It should be possible to discuss the validity of an argument without attacking the proponent. You disagree with my stated position and continue to attack me. Many of the people who use this forum are new to the world of CNC machining. Providing information that is based upon personal opinion is unhelpful. Argue your position without making personal attacks.

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I’ve got to be honest here, but you’re being quite dismissive of the facts. One of the fundamentals of tradecraft is health and safety, specifically yours and anyone else you may affect in the course of your endeavours. To be so dismissive is tantamount to neglect - and there are too many people suffering from respiratory diseases and conditions that may have been preventable with the use of an appropriate level of protection.

Your lungs, like your eyes, are precious. Protect them at all costs!

I am a health and safety officer in Ontario and I know the dangers of the elements and chemicals of the products your talking about. The fact of the matter is that proper PPE and dust control in a shop and around a cnc machine can and will eliminate most of the danger you are talking about. So Throwing this information out there is good . I am not making any personal attacks on anyone I felt you were in your response to me. You figure I don’t know squat. I however do know what is needed to protect myself under these conditions. So maybe some face masks and dust collection no matter what wood since any wood fiber can cause an allergic reaction or lung irritant. is a good idea. Also a set of good Eye protection glasses or face mask to protect for flying debris and hearing protection is a good idea.

When ever I see someone post a mountain of scientific information on a subject like this as you have I think Hmm. His point is lost because most wont ever read it. I did not. I know the dangers. But you dismissed everything I said because you took it the wrong way. Yes I realize I could have put it across better. The fact is there are greener alternatives out there. Ones that do not use those chemicals. Do a google search you will find them. You good at doing that. Yes the US banned formaldehyde not MDF there are alternatives to it in the US.

That site you posted was a PDF not an actual site so where is the statement from the US government saying they Banned it?

Like I said there are alternatives. We can stop with the rhetoric.

I’m not at all sure that entering into this discussion is a good move on my part. That said, here I am.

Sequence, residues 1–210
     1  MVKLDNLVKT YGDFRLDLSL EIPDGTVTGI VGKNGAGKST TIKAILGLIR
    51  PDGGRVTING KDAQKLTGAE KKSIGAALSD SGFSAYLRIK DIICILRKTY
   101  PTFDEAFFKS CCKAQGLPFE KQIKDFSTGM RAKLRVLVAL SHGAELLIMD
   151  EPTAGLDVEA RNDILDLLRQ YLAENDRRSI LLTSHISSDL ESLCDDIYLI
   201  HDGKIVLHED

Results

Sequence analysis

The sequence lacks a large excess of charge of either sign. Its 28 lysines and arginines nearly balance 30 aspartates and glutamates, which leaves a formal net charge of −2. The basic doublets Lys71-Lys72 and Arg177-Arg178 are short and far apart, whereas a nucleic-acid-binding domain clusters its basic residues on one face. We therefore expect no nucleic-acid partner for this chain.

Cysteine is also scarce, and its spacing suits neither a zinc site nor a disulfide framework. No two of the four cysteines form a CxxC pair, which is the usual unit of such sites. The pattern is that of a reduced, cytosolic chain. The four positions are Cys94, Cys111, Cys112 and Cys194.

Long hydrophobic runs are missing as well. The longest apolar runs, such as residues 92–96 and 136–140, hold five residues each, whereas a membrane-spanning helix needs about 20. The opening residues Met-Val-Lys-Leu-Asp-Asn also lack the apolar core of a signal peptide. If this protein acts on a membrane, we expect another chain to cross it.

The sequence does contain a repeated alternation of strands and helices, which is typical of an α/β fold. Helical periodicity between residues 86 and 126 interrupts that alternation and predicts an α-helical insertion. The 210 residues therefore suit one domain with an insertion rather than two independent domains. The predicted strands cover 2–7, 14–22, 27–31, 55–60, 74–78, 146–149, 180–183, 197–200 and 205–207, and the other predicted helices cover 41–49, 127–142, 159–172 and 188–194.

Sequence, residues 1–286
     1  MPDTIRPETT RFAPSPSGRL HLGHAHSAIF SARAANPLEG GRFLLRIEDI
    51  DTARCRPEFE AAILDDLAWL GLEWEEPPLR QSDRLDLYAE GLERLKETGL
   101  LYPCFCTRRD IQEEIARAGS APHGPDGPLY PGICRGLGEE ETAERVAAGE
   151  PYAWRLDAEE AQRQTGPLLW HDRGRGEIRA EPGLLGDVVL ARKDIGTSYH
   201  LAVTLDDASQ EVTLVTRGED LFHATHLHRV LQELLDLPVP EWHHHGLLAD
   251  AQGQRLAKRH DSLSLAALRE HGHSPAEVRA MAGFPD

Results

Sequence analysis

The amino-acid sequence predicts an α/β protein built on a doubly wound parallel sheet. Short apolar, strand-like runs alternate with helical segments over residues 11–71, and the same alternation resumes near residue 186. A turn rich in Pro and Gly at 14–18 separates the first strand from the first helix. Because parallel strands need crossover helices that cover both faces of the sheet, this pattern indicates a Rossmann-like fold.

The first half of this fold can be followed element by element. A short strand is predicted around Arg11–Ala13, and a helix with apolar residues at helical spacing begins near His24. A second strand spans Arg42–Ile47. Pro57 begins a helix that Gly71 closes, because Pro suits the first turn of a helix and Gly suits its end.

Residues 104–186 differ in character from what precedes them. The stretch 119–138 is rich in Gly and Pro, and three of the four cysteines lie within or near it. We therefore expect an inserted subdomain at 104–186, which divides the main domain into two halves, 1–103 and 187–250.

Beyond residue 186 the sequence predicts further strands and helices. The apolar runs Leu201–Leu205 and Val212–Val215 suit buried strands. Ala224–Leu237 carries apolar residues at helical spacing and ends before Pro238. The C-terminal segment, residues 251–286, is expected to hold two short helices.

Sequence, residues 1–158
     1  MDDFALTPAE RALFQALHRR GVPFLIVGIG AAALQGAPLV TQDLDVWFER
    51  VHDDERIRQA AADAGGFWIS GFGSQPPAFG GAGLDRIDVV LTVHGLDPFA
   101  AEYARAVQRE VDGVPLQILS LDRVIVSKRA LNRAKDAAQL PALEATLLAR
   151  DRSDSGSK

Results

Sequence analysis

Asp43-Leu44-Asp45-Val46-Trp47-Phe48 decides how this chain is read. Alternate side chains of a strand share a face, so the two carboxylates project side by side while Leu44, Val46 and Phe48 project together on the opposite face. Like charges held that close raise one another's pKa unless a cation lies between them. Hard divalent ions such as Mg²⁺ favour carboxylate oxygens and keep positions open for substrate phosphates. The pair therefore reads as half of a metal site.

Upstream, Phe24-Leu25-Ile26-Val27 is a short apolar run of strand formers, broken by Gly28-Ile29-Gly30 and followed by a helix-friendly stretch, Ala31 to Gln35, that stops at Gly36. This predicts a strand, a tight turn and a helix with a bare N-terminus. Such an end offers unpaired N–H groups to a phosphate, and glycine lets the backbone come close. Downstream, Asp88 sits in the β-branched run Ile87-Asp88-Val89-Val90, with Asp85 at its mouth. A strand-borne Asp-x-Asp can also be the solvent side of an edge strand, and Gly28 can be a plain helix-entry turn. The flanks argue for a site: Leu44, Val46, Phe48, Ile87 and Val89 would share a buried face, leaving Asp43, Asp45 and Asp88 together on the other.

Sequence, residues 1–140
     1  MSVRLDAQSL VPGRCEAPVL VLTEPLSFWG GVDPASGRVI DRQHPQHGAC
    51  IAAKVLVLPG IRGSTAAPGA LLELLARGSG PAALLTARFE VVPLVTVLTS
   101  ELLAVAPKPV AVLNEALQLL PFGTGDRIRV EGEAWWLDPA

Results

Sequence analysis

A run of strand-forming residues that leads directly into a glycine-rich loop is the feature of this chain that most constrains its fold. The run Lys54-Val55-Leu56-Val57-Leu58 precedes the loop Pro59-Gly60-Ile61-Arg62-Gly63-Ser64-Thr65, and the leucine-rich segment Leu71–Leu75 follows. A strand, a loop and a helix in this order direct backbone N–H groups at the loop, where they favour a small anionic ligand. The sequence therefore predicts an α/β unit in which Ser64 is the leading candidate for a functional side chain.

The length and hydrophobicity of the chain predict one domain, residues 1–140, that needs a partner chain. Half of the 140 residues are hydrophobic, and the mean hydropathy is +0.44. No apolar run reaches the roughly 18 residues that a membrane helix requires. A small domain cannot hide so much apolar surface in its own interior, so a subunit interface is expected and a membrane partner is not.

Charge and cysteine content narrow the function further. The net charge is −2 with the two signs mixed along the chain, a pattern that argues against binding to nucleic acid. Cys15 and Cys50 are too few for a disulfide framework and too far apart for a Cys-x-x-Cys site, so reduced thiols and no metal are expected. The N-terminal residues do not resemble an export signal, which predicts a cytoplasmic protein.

I was fascinated by the links the Greg posted to rice straw based MDF, so I made some calls this morning. Unfortunately, what I learned was not positive. Columbia Forest Products, which is a major manufacturer of MDF in North America, is the company named in the online article as being a Canadian supplier of the rice-based product. I called the head office of Columbia, and I was told that, unfortunately, the deal never came about. The man that I spoke to said that he believes that there is a small amount of the product being manufactured, but the financials never resulted in large production and exporting to Canada.

I am not posting this to contradict anything in this thread so far, merely to point out that it would seem that the industry in North America is a long way from producing a true formaldehyde free MDF, so we need to “be careful out there.”

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Quite.

The third subheading heading you did not read in the first linked item had stated verbatim:
(It turns out that MDF isn’t banned;)

Question 6 in the Health and Safety Executive, 5th linked document from the organisation charged with overseeing health and safety practices in the UK specifically asks verbatim: (Is MDF banned in other countries and, if so, why not in the UK?)

You did not read the first linked item and you have assumed what must have followed. You did not read the paper published under the CDC auspices and missed the fact it was a highly technical and erudite research paper entitled: POSSIBLE HEALTH IMPLICATIONS FROM EXPOSURE TO FORMALDEHYDE EMITTED FROM LAMINATE FLOORING SAMPLES TESTED BY THE CONSUMER PRODUCT SAFETY COMMISSION
dated 22nd March 2016.

Given your occupation; I would have expected you to read it… or at the very least to cross reference it with similar research held by the Canadian Centre for Occupational Health and Safety (CCOHS).

I did not doubt that. My point was made to a person who had not stated that they were a health and safety officer. I believe I know the dangers inherent in using MDF but that neither implies I know enough nor does it make me infer that another user has sufficient information to make an informed decision about its use.

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And you did not read the page I posted so stop the argument now OK? Arguing the fact that its banned or not is pretty stupid IMHO. Use PPE Personal Protective Equipment to Protect yourself and look at that page I posted. Be a smart consumer. If you cannot find green MDF products in your area use PPE.

So now my keyboard is not working great. Keys are not working right on my laptop.